In an unguarded moment I agreed to be Chair of VCON 41 come October 2016. I am determined that all attendees (including pros) have a heck of a good time, great fun for all. Don’t see any point to holding it otherwise.
This is the first of a series of monthly fanzines wherein I promote VCON 41 in the spirit I intend it to be. Hope you find it of interest.
Cheers! R. Graeme Cameron (The fool who dared to be Chair)
RASCal Geoff Gaherty posts an excellent blog for sky events. He tends to concentrate on the moon, planets, and brightest stars, so it’s great for urban star gazers armed with digital devices. You might want to bookmark the site and return to it when the mood grabs you.
On the 3rd of December, Japan’s Hayabasa 2spacecraft, on a six year mission to catch and sample an asteroid, will fly past Earth. Earth’s gravity will slingshot the spacecraft toward its target, 162173 Ryugu, which Hayabasa 2 is expected to reach in July 2018. This animation from JAXA (the Japanese space agency) previews the flyby. READ MORE: http://www.spaceweather.com/
You will not want to miss theGeminid meteor shower, which always puts on a good show. The peak nights are expected to be on December 13-14 (night of December 13 till dawn December 14) and 14-15 (night of December 14 till dawn December 15).
Every night, a network of NASA all-sky cameras scans the skies above the United States for meteoritic fireballs. On Dec. 2, 2015, the network reported 27 fireballs. Automated software maintained by NASA’s Meteoroid Environment Office calculates their orbits, velocity, penetration depth in Earth’s atmosphere and many other characteristics. Daily results are presented on Spaceweather.com.
You’ll get lots of hype when trying to pick a telescope. But by knowing just a few basics, described here, you’ll be able to choose the one that’s right for your observing interests, lifestyle, and budget.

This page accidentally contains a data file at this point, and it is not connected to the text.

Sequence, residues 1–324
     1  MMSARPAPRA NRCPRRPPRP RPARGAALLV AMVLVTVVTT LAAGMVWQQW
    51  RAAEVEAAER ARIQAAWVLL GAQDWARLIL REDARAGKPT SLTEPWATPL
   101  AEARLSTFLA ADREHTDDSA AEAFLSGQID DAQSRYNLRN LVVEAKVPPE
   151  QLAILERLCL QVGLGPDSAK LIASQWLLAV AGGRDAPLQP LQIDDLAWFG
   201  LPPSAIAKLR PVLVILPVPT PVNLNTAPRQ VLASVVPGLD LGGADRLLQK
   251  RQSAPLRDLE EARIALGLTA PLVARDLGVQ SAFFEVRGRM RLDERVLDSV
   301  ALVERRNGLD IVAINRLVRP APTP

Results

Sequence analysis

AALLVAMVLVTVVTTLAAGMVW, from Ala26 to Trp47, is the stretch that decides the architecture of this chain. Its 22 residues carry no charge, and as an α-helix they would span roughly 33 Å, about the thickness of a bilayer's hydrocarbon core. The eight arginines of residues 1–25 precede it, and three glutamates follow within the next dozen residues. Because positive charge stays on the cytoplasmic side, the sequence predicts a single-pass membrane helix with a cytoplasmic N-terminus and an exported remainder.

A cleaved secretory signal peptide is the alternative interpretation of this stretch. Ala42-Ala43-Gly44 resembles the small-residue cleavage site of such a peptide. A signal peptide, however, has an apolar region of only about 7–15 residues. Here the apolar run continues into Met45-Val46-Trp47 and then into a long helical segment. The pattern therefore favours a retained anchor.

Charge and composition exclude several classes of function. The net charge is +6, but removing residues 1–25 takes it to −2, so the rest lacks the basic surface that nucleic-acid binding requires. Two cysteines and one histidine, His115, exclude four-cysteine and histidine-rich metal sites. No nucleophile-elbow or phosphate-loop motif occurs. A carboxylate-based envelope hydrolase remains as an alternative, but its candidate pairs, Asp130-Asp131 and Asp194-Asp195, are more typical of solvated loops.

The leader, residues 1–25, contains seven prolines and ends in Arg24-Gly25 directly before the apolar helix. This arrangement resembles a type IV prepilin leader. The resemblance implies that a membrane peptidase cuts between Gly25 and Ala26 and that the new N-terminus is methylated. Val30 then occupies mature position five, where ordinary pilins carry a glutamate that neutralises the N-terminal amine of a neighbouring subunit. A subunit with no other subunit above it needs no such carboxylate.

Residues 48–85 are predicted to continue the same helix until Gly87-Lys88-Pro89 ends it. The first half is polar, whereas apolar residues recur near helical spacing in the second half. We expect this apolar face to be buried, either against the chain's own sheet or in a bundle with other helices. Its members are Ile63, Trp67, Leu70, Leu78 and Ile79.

With a little guidance, you can pick a high-quality telescope that can last a lifetime.
S&T: Craig Michael Utter
Here’s a quick guide to help you make sense of all the types of telescope models available today. Armed with these few basics, you’ll have a good idea what to look for (and what to avoid) when scouring the marketplace for your new scope.If you still have questions or need more details, check out these additional resources:
Many (arguably most) good starter scopes cost $400 or more, though some superb choices are available for under $250. But read this article first, so you’ll understand the terminology and what type of telescope will be best for you.
MonSFFA is pleased to be able to offer our members a chance to contribute to our website.
So far, three of our more active members have their own pages on www.monsffa.ca . Look for Danny Sichel’s short story reviews and François Ménard’s stop motion projects under the tab for contributors, and Josée’s convention photos under photo galleries.
There is lots of room for your photos, and personal genre projects such as model building and costuming.
Interested? Contact MonSFFA’s webmaster. You may choose to share your projects with the world, or ask to have your page under the password protected members’ pages.
Third Volume of Free Stories Eligible for 1941 Retro Hugos
Posted on File 770,
Short Fiction Eligible for the 1941 Retro-Hugos Vol. 3, a collection of 30 public domain stories by Ray Cummings and Henry Kuttner, has been issued by File 770 commenter von Dimpleheimer. (Earlier posts contain links to Volume 1, and Volume Two.)
Click on the appropriate link to download a version from a Google storage drive.